Police cut off access to downtown Louisville ahead of Breonna Taylor decision
(USA Today) - Somebody let the brothers and sisters in Louisville know this is a setup. They are baiting Blacks in order to release paramilitary forces against the Black community, including white supremacist.
Police are restricting access in the downtown Louisville area on Tuesday in anticipation of an announcement on the Breonna Taylor case by Kentucky Attorney General Daniel Cameron.
Meanwhile, the police department canceled all days off and pending vacation requests. The state of emergency cancellations are "until further notice," LMPD said in a Monday statement.According to an internal memo, the order is to "ensure we have the appropriate level of staffing to provide for public safety services and our policing functions."
Taylor, a 26-year-old Black woman, was fatally shot by Louisville police in March.
Since late May, protests, demonstrations and marches have filled Louisville. Among the calls for reform is the demand that the officers involved in her death be arrested and criminally charged. Those officers are Sgt. Jonathan Mattingly, Detective Myles Cosgrove and ex-Detective Brett Hankison, who was fired in a decision he is contesting.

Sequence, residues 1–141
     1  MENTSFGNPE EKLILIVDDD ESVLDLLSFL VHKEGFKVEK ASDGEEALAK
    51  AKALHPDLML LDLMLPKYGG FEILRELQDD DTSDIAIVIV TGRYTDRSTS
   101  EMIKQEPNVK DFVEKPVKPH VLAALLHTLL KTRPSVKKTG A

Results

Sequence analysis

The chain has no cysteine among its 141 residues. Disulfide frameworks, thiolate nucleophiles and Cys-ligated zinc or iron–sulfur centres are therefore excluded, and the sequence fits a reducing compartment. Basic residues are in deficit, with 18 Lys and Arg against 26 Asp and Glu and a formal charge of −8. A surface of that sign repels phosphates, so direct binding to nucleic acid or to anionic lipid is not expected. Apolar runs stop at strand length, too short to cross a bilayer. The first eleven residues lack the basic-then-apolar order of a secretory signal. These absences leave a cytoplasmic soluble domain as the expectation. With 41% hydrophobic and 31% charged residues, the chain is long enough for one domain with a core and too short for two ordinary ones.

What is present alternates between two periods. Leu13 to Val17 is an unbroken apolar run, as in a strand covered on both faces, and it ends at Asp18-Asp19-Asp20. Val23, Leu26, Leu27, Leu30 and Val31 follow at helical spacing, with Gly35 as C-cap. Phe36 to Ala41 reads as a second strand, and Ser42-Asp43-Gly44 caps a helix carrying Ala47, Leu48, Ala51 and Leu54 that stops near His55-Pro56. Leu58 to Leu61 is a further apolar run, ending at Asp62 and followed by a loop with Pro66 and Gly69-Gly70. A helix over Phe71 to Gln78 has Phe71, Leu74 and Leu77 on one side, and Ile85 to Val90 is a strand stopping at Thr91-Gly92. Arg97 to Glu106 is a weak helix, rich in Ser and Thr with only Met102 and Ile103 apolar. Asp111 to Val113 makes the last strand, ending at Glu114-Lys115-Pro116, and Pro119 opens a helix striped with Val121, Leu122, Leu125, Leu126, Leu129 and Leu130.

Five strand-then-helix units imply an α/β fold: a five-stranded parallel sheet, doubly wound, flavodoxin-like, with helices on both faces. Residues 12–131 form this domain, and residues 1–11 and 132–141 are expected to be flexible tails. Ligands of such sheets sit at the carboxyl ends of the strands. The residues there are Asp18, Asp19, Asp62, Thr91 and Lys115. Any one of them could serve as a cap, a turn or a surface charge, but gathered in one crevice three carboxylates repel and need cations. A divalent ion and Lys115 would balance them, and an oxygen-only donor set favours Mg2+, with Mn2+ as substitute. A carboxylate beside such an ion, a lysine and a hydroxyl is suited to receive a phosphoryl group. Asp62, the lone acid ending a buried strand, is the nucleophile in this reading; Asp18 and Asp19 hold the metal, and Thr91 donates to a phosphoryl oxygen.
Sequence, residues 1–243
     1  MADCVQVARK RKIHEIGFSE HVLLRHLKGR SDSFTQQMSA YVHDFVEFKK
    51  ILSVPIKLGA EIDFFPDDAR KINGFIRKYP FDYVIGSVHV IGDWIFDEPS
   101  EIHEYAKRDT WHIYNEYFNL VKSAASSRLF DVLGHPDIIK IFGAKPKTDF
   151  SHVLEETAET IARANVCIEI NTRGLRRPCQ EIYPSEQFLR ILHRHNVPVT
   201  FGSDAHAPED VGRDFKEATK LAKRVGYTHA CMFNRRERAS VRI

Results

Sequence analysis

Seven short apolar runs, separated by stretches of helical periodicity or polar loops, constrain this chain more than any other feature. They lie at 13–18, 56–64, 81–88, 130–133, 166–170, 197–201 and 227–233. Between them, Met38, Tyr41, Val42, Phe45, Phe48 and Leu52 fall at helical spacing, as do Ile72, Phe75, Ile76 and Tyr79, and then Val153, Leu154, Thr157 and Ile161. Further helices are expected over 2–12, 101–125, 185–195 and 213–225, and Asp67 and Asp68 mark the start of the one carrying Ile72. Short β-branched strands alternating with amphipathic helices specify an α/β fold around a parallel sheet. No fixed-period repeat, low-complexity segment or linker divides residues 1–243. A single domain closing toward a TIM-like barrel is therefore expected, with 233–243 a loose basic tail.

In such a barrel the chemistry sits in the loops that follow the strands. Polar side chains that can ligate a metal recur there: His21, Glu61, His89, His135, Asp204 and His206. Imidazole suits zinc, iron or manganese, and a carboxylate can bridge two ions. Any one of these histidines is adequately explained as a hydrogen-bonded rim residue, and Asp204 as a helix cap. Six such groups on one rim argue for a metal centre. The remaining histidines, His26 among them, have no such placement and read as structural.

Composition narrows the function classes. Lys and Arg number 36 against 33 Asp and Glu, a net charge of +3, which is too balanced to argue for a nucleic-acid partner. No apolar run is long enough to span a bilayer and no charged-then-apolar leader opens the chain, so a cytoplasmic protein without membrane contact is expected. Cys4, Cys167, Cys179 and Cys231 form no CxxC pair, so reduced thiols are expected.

A decision in the case could come as soon as this week. The downtown federal courthouse will be closed in anticipation of an announcement.
Gov. Andy Beshear said Monday evening that he could not comment on his discussions with Cameron about a decision timeline.
The police department said early Tuesday that the barricades downtown are in order to keep the area safe for "those coming downtown to express their First Amendment Rights, as well as those who live and work in the area."
Police are putting up vehicle barricades around Jefferson Square Park (the site of ongoing protests) and across the downtown perimeter and will restrict access even further near the park, with only pedestrian access allowed.
Officers are also restricting access to more than 25 blocks downtown, allowing in only those who live or work in the area. Parking and access to garages inside the perimeter will also be limited, according to the department, which asked anyone currently parked in the area to move their car as soon as possible.
The department apologized for the "inconveience" to those who live and work downtown, and stressed in a statement that LMPD officials do not know when Cameron's decision will be announced.
"Our goal with these steps is ensuring space and opportunity for potential protesters to gather and express their First Amendment rights, & to prepare for any eventuality to keep everyone safe," Fischer said in a Tweet early Tuesday.